A block of ice which fell from the sky narrowly missing a pedestrian in a London suburb has led to calls for an investigation into debris falling from planes.
Street cleaner Serhiy Mysehkov was working under a flight path to Heathrow when a giant piece of ice crashed beside him and almost crushed him to death.
It comes after ice, frozen urine and even the body of a stowaway have plummeted onto residential areas across Britain in recent years.
The latest incident has prompted calls for an investigation into the issue. However, the UK Civil Aviation Authority said that while they receive reports of around 30 ice falls every year they are "unable to investigate the potential origin".
The near miss next to Kew Gardens station, believed to have happened on Wednesday, was caught on CCTV and shows Mr Mysehkov crossing the road before the giant ice block smashes to the ground making a loud sound on the floor.
Amir Khan, 39, was driving past when he managed to capture the dramatic moment on his dashboard security camera.
“It was like the start of a disaster movie," Mr Khan said.
“It made such a loud noise like a meteorite crashing down. The street cleaner was so confused and scared.”
Pavi Singh, who works in the family-owned Kew Convenience Store just metres from where the ice fell, heard the crash from inside the shop.
He said: “I heard it and went outside immediately because it was a really big bang.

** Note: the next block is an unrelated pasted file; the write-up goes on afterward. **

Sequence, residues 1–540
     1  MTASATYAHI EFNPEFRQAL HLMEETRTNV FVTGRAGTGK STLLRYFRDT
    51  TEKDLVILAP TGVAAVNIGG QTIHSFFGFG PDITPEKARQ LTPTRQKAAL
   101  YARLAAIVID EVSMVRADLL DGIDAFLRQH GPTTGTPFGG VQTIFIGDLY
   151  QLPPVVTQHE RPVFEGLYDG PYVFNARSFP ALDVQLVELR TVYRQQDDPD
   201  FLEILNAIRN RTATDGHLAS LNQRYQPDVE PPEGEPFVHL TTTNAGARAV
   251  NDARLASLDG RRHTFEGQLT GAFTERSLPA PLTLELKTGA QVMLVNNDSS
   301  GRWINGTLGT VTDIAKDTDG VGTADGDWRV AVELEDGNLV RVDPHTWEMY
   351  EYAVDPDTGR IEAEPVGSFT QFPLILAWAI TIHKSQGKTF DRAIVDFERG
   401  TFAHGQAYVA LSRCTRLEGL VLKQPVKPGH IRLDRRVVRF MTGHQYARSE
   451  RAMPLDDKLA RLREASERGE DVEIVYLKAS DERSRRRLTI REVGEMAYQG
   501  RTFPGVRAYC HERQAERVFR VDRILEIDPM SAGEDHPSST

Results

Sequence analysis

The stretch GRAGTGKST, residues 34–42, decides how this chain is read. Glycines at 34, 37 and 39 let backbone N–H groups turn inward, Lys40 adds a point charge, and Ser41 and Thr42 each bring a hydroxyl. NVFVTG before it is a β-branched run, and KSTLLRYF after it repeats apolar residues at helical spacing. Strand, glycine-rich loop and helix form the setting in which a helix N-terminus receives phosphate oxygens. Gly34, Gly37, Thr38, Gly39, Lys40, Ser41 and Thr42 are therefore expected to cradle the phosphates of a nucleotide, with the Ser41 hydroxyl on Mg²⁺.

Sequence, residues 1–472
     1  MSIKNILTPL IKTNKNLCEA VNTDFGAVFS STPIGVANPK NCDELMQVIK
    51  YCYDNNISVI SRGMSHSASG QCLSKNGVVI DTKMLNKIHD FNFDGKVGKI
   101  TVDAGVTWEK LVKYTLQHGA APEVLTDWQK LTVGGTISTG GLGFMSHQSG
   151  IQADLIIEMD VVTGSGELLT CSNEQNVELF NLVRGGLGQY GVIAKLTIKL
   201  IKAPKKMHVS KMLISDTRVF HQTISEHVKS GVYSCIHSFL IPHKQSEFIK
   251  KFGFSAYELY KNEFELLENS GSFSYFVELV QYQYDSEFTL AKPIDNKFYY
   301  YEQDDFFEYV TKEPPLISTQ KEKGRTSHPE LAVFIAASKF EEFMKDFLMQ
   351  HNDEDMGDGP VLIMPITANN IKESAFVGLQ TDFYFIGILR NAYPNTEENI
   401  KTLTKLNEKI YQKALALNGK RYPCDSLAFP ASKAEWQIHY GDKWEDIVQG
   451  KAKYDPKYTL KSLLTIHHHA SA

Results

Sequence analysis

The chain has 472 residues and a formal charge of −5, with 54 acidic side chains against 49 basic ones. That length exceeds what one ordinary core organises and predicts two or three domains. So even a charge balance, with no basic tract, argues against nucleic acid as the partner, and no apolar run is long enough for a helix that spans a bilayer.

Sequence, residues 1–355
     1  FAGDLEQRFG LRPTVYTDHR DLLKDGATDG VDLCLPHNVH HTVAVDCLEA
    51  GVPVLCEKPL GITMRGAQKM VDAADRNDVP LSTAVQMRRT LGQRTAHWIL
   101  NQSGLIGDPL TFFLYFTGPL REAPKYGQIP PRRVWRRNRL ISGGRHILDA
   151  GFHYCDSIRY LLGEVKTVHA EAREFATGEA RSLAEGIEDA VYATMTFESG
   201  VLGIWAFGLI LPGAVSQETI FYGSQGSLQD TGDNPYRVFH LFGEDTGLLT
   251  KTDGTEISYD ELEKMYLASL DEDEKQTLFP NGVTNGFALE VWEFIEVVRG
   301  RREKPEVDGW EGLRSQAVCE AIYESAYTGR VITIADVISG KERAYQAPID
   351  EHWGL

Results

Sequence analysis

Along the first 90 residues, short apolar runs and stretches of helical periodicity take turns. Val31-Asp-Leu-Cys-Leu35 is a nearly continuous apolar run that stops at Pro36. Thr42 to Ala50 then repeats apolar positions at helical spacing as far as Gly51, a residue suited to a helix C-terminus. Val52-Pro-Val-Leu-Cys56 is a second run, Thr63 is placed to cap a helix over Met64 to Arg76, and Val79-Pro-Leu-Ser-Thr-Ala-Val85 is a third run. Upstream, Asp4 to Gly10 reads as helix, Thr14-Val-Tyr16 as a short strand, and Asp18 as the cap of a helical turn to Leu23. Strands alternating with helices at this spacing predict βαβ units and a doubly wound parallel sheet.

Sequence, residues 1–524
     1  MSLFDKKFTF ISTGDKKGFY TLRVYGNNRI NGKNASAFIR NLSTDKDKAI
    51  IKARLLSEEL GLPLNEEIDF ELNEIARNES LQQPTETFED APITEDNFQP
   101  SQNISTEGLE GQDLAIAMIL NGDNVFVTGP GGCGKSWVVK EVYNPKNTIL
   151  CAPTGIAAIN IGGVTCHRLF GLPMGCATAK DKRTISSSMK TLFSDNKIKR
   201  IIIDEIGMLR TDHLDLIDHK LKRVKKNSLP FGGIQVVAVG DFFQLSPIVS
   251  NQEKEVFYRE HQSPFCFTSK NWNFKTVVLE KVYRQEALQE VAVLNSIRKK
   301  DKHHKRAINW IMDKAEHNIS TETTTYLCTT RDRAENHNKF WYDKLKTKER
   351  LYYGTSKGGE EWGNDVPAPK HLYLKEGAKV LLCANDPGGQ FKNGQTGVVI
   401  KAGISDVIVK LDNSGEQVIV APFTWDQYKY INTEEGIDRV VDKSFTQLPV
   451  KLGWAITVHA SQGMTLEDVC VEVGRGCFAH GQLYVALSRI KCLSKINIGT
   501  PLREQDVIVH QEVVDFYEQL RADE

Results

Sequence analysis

“There were passers-by and they said it was something from the sky. I’m so glad no one was hurt or anyone was around it,” he told the Evening Standard.
Kew Garden councillor Monica Horner called for the CAA to investigate the “worrying” incident.
She said: “It definitely needs to be investigated, I’m shocked. This could have killed someone.”
Ms Horner added: “This is the problem when you have planes going over a populated area and another argument to say that Heathrow is the wrong place for expansion.
“It is a very worrying incident and there needs to be some explanation as to why this happened so close to people.”
It comes less than five months after a block of ice left a 4ft by 3ft crater in a family’s back garden in Renfrewshire.
Similarly a piece of ice fell from a flight landing at Heathrow last February, causing substantial damage to a roof in Windsor.
A shop assistant in Essex was almost crushed by a lump of frozen urine which fell 33,000ft from a plane and landed at her feet in 2008.
A frozen ball of urine and excrement also smashed through a retired couple's roof in Wiltshire after falling from a jumbo jet toilet in 2015. The ball caused £1000 worth of damage.
In the same year a suspected stowaway plunged to his death from a plane and landed on offices in a west London high street.
The man, believed to be in his 20's, was making an 8,000 mile journey from Johannesburg, South Africa when he fell from the British Airways flight and landed on an office roof in Richmond.
The man was believed to have clung on to the plane as it flew towards Heathrow.
A spokesperson for the UK Civil Aviation Authority said that whilst the ice block might have come from a plane, incidents such as this can also be as a result of meteorological phenomena.
The spokesperson said: “Ice falls can be as a result of meteorological phenomena, however ice falls from aircraft are considered to be rare in UK airspace.
“The CAA receives reports of around 30 ice falls every year. We are unable to investigate the potential origin of an ice fall, but do record reports of this nature.”
The UK Civil Aviation Authority added that efforts are made to minimise the risk of ice falls by performing regular maintenance to prevent leaks and take prompt corrective action if a defect is found.